IS RUSSIA OR NORTH KOREA BEHIND PETYA, THE LATEST CYBERATTACK?
A little over a month since WannaCry has spread all over the world in an unprecedented cyber attack, not only the world is also vulnerable to a similar attack, another attack has already surpassed WannaCry on virulence and damage using some of the same Tools.
On June 27 of this attack, known as “Petia” after a computer crime operation using a similar code, has spread rapidly throughout the world as the first malware attack, and even used the same software vulnerability , But from hence, the operations differ.
In May, ransomware called WannaCry has been extended to 150 countries in a single day, by encrypting the files of the victims and demanding payment in exchange for access.
WannaCry could be extended despite a well-known software vulnerability for which a patch was available, a situation that encouraged many to call for WannaCry revival and, hopefully, a lesson learned.
A list of viruses in LHS (High Security Laboratory) INRIA (National Institute of Computer and Automatic Research) in Rennes November 3, 2016, where computer viruses flourish under the watchful eye of scientists.
The high security laboratory (LHS-PEC) in Rennes is a small fortress from which the first studies on “ransomware” and other malicious software emerge.
But Petia had additional means of infection and, much worse, Petia does not encrypt the files, but is irreparably damaged.
Moreover, the way to pay the Petia ransom was inconvenient at best and was quickly becoming no after the public administration used e-mail to confirm the payment provided closed the account. In short, Petia was just posing as ransomware; Its real function was to destroy the data of the computers of the victims.
The victims of Petia are in sixty-four countries and major ports go to lawyers around the world, but the attack had a specific purpose: Ukraine.
The attack began in Ukraine, where the victims are government offices, Kiev’s main airport, banks and power companies.
The Cabinet of Ministers of Ukraine reported that their computers were frozen, ATMs in Kiev could not distribute money and workers at the Chernobyl nuclear plant had to go to manual operation.
Victims were infected with M. E. Doc, a popular tax accounting software in Ukraine through regional commitments of Ukrainian sites and, in some cases, may have been deliberately infected beforehand. The calendar can also be deliberated on June 28 is Constitution Day, a national holiday that celebrates the independence of Ukraine from the Soviet Union.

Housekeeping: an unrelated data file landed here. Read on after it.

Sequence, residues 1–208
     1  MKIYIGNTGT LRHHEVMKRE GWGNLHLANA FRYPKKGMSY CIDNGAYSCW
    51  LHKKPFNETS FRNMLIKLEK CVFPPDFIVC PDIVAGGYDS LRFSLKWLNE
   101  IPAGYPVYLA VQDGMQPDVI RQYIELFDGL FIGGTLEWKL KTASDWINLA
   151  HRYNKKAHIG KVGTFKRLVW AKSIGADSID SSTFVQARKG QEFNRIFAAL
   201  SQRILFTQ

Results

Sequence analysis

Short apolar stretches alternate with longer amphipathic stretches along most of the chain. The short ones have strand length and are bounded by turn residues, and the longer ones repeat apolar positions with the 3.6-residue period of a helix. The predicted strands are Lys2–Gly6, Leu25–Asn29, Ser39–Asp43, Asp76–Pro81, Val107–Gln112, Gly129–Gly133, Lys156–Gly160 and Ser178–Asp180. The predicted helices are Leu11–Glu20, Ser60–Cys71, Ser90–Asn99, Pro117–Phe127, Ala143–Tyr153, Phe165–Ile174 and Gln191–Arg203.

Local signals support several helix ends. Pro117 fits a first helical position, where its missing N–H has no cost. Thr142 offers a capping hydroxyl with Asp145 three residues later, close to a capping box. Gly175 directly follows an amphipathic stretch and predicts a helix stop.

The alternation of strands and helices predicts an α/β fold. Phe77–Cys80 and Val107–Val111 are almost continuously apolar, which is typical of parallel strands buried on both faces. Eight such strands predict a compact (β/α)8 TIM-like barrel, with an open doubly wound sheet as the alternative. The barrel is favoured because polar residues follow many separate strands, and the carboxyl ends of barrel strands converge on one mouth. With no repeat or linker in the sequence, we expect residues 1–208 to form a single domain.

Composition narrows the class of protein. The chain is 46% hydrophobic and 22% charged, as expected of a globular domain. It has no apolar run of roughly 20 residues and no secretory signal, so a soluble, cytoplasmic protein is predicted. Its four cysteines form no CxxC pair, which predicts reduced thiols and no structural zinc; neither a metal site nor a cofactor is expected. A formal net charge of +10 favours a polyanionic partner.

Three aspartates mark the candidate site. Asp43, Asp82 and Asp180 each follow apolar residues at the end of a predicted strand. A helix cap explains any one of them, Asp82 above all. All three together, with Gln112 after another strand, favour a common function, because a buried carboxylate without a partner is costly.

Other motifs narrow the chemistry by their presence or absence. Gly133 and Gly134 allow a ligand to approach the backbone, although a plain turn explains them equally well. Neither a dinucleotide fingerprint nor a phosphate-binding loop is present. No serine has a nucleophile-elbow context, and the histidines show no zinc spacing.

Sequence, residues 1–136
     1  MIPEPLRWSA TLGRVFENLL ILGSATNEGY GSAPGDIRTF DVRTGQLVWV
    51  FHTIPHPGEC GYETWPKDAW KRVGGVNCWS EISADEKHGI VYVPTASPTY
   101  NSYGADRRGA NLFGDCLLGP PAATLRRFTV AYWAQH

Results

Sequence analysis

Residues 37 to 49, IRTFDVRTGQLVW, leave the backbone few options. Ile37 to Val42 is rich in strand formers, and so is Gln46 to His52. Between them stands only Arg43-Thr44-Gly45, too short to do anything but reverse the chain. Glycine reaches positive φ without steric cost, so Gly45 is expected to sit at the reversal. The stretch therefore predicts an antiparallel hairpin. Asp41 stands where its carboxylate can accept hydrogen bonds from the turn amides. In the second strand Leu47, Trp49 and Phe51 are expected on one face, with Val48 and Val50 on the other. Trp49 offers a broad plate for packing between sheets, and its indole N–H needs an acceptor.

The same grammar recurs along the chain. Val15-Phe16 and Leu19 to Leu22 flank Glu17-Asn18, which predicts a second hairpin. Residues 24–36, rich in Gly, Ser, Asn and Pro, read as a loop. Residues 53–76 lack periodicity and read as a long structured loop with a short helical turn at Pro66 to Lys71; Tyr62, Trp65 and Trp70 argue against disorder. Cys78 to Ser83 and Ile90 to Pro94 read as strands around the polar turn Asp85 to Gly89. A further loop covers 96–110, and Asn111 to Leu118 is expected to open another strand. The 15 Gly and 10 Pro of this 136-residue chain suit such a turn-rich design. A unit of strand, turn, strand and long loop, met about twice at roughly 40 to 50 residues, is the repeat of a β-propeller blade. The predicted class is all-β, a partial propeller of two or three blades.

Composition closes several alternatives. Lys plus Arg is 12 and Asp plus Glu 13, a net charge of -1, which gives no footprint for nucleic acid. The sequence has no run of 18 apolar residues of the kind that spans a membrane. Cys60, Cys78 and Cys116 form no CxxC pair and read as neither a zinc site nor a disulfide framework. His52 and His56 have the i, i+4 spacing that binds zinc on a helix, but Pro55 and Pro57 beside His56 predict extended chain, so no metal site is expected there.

Since relations with Russia have deteriorated in 2014, Ukraine has suffered a series of online attacks on government, business, infrastructure and the media, among other sectors. They even caused two accidents, one of which used the first software designed to attack industrial control systems since Stuxnet sabotaged uranium enrichment facility at Natanz in 2010.
It is believed that these attacks are from Russia and begins when tensions between Russia and Ukraine intensified in 2014. Circumstantial evidence linking Petia Russia.
It would have been possible for the attackers behind Petia to restrict infections to only victims using an IP address from Ukraine, but they did not. Attackers could also have avoided infections with machines with Russian IP addresses, but they did not.
This may have been a deliberate decision to allow Petia extended worldwide to support the claim that it was indeed a ransomware effort. Supporting this story could make mud allocation efforts and convince world observers that the attack may have been the work of a band of criminals rather than a nation-state.
If that is the case, it shows a willingness to accept Cavalier collateral damage worldwide, even in Russia itself, where Rosneft, the country’s largest oil company, was one of the victims. Whatever the reason, the damage has reached a global scale.